A few weeks ago, in an important test case, Bideford Town Council was banned from having prayers as part of its formal meetings. This weekend, if the Press is correct, that ban has been overridden by a special order written by the government.
That’s alright then!
We can kill unborn babies, consider new ways of breaking up families, idolise wealth and status, and educate our children that life began by chance but at least we can still pray at council meetings.
I did wonder though, assuming that most councils are not majority Christian led, why praying was even on their agenda. Who do they pray to? Do they believe? Doubtless some do, but are there very many?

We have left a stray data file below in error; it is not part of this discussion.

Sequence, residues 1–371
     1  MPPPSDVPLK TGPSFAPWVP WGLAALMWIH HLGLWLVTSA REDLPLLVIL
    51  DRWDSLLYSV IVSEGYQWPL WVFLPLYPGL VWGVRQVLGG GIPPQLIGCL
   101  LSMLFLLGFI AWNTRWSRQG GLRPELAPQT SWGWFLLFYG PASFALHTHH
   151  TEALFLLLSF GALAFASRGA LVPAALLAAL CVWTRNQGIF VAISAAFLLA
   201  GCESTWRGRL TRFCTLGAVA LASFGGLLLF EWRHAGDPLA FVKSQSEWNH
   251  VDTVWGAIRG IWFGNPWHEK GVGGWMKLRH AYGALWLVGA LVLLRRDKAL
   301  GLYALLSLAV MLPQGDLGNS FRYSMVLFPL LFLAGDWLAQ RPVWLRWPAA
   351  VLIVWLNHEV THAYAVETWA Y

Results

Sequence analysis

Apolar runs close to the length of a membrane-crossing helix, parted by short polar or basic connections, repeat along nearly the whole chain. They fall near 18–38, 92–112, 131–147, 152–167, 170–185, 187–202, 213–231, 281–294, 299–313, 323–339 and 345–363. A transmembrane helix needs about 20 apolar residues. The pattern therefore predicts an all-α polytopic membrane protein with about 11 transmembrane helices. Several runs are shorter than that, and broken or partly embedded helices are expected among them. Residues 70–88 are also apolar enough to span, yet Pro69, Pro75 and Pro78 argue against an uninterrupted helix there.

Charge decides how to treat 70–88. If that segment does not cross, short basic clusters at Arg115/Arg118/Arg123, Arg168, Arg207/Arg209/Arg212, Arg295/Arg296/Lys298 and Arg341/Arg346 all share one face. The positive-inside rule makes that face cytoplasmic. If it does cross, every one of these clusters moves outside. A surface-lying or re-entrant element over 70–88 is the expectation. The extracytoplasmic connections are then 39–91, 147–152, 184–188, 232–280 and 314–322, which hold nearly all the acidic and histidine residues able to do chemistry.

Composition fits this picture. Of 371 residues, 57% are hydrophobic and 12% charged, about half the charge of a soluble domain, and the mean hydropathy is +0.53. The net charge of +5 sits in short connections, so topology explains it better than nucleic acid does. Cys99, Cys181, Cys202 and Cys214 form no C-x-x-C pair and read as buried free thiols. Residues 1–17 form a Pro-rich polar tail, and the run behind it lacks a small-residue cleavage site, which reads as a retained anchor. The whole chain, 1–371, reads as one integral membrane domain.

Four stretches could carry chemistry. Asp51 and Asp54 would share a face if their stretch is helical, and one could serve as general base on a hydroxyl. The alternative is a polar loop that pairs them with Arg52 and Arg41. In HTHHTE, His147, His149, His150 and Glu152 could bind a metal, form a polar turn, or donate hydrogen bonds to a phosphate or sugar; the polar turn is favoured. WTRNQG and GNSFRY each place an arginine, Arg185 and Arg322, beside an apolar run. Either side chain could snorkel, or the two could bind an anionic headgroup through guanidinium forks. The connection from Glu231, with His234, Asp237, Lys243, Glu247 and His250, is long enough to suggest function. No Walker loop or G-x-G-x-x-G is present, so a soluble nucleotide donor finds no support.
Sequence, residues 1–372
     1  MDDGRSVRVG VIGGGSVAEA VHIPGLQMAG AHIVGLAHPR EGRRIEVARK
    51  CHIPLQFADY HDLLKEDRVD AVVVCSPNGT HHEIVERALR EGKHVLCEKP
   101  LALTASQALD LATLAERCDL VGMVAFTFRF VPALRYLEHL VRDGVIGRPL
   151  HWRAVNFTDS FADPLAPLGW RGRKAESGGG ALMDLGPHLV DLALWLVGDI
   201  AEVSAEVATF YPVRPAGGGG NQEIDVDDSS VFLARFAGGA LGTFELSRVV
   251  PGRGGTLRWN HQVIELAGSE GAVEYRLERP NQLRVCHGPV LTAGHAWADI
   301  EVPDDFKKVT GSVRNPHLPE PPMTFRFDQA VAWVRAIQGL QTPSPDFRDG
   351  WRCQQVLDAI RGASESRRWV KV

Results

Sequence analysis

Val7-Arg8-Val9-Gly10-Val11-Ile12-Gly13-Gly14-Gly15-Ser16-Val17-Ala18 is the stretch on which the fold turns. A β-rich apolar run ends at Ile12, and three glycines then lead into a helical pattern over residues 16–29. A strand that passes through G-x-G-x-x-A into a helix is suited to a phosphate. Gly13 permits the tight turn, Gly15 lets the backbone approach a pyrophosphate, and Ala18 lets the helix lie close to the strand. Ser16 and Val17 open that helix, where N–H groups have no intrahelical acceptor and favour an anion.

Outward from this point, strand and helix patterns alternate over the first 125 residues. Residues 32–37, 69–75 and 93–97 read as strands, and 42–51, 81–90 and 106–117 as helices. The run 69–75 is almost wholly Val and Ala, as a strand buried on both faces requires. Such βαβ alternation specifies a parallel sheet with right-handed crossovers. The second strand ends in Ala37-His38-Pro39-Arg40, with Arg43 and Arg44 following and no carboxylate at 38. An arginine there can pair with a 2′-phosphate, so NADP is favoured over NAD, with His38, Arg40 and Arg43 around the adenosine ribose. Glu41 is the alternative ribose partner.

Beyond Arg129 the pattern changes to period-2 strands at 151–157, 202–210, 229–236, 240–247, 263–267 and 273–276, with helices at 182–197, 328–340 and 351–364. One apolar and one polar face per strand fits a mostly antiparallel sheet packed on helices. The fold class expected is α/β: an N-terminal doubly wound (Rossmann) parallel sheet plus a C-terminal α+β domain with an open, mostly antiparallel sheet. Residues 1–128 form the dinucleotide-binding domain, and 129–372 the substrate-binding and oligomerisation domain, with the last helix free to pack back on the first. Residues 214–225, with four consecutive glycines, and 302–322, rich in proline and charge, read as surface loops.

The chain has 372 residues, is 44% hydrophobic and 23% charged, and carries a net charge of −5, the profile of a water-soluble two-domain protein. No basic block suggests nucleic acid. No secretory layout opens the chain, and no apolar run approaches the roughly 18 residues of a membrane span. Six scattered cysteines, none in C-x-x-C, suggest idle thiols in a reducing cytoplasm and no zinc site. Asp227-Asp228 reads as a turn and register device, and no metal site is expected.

Perhaps there are more who would like the traditions of our Christian heritage preserved, but without the life-changing gospel of Jesus Christ. They would like the church to take its place along with all the other institutions that make up our rich cultural history. Visible but not intrusive.
But even more importantly, it made me reflect on what effect a ban on praying would really have on me as a Christian. Suppose there was a ban that said we could only pray in a church building.
Would I be all that worried?
Would it free up much of my time?